The past and present of Los Alamos came together to make Oppenheimer

Cillian Murphy in
Enlarge / Cillian Murphy in Oppenheimer.

Christopher Nolan’s newest film, Oppenheimer, grossed over $82 million domestically over its opening weekend. It is perhaps Nolan’s most significant project yet: a biopic of physicist J. Robert Oppenheimer, also known as the “father of the atomic bomb.”

To preserve Oppenheimer’s historical accuracy, Nolan and his film crew shot at the Institute of Advanced Study (IAS) in Princeton and Los Alamos, two places where Oppenheimer worked. Because the film was shot near the real-life campus of Los Alamos National Laboratory (LANL), the opportunity arose for LANL researchers to join the film as extras. These interactions gave the scientists a more personal experience with LANL’s rich legacy and created a deeper level of detail for a movie that critics have called “a supersize masterpiece.”

Bringing in the extras

LANL’s inception began hastily, as the demands of World War II forced the US government to rush to create a facility for nuclear weapons development. As Oppenheimer shows, it was renowned engineer and science advocate Vannevar Bush who led the charge by working with several military personnel to birth a top-secret nuclear effort called Project Y. As Project Y developed into what we now know as the Manhattan Project in the early 1940s, Oppenheimer was appointed the first director of LANL. In the middle of the New Mexican desert, Oppenheimer and a team of brilliant scientists worked on developing the world’s deadliest weapon.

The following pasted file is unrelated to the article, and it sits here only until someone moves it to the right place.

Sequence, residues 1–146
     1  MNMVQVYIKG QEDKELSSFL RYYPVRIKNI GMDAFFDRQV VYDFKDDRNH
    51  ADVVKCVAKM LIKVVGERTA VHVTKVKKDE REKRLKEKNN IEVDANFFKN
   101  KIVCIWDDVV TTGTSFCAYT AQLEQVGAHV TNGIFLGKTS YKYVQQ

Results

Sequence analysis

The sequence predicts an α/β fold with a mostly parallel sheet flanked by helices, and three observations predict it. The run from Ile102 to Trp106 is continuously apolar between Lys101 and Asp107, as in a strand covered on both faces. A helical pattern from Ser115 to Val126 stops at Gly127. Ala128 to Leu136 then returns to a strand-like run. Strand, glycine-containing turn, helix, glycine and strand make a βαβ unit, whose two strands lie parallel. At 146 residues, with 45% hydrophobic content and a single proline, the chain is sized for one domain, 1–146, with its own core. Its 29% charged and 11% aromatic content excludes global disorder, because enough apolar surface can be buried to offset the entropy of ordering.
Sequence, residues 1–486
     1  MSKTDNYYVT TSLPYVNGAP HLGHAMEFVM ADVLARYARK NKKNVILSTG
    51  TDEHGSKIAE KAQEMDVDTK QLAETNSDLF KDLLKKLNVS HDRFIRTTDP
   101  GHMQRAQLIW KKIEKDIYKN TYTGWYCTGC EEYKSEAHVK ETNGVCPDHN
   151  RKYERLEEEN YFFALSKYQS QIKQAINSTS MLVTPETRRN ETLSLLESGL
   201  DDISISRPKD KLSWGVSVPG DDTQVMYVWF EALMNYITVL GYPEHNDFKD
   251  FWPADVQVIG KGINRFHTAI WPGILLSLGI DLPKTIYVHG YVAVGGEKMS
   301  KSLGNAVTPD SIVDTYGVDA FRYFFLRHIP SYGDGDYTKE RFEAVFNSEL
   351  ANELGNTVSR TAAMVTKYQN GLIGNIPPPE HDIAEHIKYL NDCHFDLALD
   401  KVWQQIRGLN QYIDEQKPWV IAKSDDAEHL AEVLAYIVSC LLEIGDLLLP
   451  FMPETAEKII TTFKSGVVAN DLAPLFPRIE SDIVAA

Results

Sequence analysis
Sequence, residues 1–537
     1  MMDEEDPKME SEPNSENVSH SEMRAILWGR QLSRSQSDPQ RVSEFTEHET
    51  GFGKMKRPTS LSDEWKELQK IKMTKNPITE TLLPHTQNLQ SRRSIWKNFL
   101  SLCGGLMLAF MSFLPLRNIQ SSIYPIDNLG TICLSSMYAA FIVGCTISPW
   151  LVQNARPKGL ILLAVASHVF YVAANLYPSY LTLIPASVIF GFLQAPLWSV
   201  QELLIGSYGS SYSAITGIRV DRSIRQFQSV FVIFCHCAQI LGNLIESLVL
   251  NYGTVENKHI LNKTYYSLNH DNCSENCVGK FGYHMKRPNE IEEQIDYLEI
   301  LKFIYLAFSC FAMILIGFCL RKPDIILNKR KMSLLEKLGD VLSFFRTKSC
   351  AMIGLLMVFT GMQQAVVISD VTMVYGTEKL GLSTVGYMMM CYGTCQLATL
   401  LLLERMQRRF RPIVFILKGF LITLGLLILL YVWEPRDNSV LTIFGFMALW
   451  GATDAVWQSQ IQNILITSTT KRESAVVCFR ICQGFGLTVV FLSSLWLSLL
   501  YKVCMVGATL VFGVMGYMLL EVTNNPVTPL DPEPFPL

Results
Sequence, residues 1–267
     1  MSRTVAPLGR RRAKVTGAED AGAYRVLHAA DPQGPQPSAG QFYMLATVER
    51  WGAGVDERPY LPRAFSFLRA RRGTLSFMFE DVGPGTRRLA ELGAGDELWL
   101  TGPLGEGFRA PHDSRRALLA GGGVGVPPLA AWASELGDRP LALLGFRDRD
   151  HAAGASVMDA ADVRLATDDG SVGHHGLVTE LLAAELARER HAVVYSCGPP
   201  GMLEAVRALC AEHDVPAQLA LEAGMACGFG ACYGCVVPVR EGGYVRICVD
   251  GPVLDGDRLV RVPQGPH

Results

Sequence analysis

To stay true to the story, Nolan shot various scenes at Ghost Ranch (the site of Georgia O’Keeffe’s former studio), about an hour outside Los Alamos. Nolan also worked extensively with various researchers at LANL to better understand the institution’s birth during World War II. “It obviously tells the story of the birth of the lab in a very dramatic way,” explained LANL Director Thom Mason, who was not an extra in the film. “It’s great to see it told, and it certainly has generated a lot of interest in the lab and a lot of interest in northern New Mexico, which is a beautiful location. And that [beauty] comes across as well.”

While most scientists would no doubt feel uncomfortable with a film crew poking about in their laboratories, a handful of LANL researchers were interested in participating in the film. And like most projects in Hollywood, the recruitment process was secretive and roundabout, a clear parallel to the actual Manhattan Project, which had its own culture of secrecy.

“A friend of mine at the time was a labs liaison for the Manhattan Project National Historical Park,” elaborated Richard “Mouser” Williams, a LANL technical staff member who was an extra in Oppenheimer. “So he was the one who gave the director [Nolan] a tour around the relevant sites at LANL. And he made me aware that this [being an extra] is a thing that could be done. He got me hooked up with the company to be an extra.”

To get his part, Williams had to submit a photo and show up on set. Once he got the call, he took two days off for filming and drove to Ghost Ranch. “There’s a scene where Oppenheimer is addressing the townspeople after the bomb at Ghost Ranch,” explained Williams, “which is a little unsettling to see because I’m in the audience for that. So there’s a wide shot of 400 people appointed as extras, and I’m one of them.”

While Williams enjoyed having a small role in the film, he said it was hard to find himself when he watched Oppenheimer in a theater. “I was lucky in that they asked if anyone would be willing to carry a kid on their shoulders,” added Williams. “And there were four or five kids on standby for this. So I figured out I’d make it easier to find where I was in this giant shot, so I had a kid on my shoulders. This made it more fun to see me in the film at the theater.” Williams also mentioned that several of his fellow labmates were involved in these scenes, and he spent most of his time viewing the film trying to find them.

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